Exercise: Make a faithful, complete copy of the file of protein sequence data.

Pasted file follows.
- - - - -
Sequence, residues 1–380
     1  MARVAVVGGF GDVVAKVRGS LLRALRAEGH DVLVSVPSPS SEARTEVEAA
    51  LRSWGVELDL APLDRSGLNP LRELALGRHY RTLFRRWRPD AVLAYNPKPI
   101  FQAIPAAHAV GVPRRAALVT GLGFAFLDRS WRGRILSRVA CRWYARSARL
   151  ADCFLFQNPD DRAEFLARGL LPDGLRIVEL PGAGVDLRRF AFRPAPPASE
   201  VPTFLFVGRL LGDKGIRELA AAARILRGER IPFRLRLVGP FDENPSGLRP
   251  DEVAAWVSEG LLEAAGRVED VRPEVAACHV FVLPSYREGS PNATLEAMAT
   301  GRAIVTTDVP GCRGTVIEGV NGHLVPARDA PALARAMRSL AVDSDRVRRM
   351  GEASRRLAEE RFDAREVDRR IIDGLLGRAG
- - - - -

Sequence, residues 1–380
     1  MARVAVVGGF GDVVAKVRGS LLRALRAEGH DVLVSVPSPS SEARTEVEAA
    51  LRSWGVELDL APLDRSGLNP LRELALGRHY RTLFRRWRPD AVLAYNPKPI
   101  FQAIPAAHAV GVPRRAALVT GLGFAFLDRS WRGRILSRVA CRWYARSARL
   151  ADCFLFQNPD DRAEFLARGL LPDGLRIVEL PGAGVDLRRF AFRPAPPASE
   201  VPTFLFVGRL LGDKGIRELA AAARILRGER IPFRLRLVGP FDENPSGLRP
   251  DEVAAWVSEG LLEAAGRVED VRPEVAACHV FVLPSYREGS PNATLEAMAT
   301  GRAIVTTDVP GCRGTVIEGV NGHLVPARDA PALARAMRSL AVDSDRVRRM
   351  GEASRRLAEE RFDAREVDRR IIDGLLGRAG